IBM’s Smarter Cities Exploration Center, created in partnership with Universidad de Guadalajara in Mexico, will look to develop high social and economic impact solutions for Latin America, representatives from both entities told BNamericas.
The center is said to be the first of its kind in Latin America, and is tasked with the mission of designing solutions to tackle infrastructure challenges faced by Guadalajara and other cities around the world.
Joint work between IBM and Universidad de Guadalajara will focus on research and sharing knowledge through the exchange of intellectual property among researchers. IBM’s data analytics, supercomputing and cloud computing capabilities will be used to drive development of new pilots and solutions.
The center has already started developing a transportation pilot that could reduce commuting time in the city by 15%, representing some US$90mn in savings a year by enabling citizens to use their time more productively and promoting energy efficiencies.
“This project will bring significant savings in terms of productivity, a reduction in traffic, less pollution in the city and, at the end of the day, less stressed citizens, because commuting is a real headache in big cities,” said Manuel Ávalos, the center’s leader in Guadalajara.
This pilot – the first in a series of initiatives – will provide real-time analysis and forecasting of traffic behavior for 1.7mn vehicles in Guadalajara, enabled by supercomputing technology, analytics and web services connected to mobile devices feeding updates to users. The objective is to increase the efficiency of commuting alternatives.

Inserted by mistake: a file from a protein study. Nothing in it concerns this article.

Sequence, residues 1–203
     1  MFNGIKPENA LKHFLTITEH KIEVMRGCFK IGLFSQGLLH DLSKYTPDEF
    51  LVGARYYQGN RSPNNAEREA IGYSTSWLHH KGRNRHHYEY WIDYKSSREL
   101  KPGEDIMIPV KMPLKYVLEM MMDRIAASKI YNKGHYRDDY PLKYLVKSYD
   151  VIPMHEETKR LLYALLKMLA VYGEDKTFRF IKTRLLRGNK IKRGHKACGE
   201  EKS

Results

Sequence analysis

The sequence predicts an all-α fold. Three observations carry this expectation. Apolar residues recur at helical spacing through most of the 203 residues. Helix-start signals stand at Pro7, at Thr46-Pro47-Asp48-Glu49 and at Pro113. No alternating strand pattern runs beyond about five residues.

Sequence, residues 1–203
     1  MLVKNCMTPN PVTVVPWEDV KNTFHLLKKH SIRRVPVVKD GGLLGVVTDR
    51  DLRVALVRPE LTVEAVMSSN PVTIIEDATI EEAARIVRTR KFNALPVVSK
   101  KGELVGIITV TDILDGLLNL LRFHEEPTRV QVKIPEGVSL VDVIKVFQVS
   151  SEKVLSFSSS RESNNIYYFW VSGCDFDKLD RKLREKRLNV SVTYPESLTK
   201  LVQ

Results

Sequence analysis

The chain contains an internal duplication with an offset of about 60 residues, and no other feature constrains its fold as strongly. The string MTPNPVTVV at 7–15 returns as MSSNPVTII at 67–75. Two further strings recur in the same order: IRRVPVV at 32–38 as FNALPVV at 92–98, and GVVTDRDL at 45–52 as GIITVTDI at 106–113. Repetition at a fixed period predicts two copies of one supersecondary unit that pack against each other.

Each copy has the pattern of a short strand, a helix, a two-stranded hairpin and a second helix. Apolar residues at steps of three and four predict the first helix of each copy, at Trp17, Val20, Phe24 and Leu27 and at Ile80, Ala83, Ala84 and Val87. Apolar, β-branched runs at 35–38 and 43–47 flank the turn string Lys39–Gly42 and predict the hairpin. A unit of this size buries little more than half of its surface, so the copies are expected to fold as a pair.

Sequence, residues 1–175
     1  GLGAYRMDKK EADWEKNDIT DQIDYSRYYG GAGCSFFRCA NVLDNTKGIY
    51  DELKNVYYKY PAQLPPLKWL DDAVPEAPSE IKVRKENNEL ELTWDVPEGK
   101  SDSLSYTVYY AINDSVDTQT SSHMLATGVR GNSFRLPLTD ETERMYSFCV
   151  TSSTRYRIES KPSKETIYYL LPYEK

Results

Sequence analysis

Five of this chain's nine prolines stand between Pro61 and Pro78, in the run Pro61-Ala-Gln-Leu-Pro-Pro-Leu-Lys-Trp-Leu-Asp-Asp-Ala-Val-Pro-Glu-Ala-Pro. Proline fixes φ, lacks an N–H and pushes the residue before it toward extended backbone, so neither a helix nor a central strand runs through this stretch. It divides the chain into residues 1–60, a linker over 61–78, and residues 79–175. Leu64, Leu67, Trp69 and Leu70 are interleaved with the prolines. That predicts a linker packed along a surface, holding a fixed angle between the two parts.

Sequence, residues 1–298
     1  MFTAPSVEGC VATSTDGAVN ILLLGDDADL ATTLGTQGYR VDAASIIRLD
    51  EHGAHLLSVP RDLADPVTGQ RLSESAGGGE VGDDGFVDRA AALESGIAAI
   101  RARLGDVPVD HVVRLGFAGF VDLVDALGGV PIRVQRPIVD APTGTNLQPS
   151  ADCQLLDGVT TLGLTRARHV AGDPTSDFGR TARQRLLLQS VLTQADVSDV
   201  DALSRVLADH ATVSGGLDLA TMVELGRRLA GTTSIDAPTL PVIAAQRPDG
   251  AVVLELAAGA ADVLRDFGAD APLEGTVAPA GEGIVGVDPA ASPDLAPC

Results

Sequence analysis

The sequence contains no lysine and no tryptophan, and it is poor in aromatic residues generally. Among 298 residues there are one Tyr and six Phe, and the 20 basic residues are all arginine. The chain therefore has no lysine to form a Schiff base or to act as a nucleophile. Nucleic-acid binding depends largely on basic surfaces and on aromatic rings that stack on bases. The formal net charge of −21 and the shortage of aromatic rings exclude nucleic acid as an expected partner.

“Our challenge is to reduce commuting time by 15%,” said Víctor Manuel Larios, coordinator of the IT PhD program at Universidad de Guadalajara.
Traffic solutions also affect other areas, such as health, security and the resources available in a city, and “that’s why we decided to start with traffic,” Larios said.
In addition, mobile and smartphone use in the population provides the initiative with a great platform for crowdsourcing, as people can also participate by providing information.
“There is a strong government interest here to focus on health, improving services and security, but we still have to see what the priorities are. There is nothing concrete yet, but something for the health sector is the most likely,” Ávalos said.
According to Larios, the transportation project will serve as the basis for subsequent stages in building a smart city, including issues such as health, social services, security and education.
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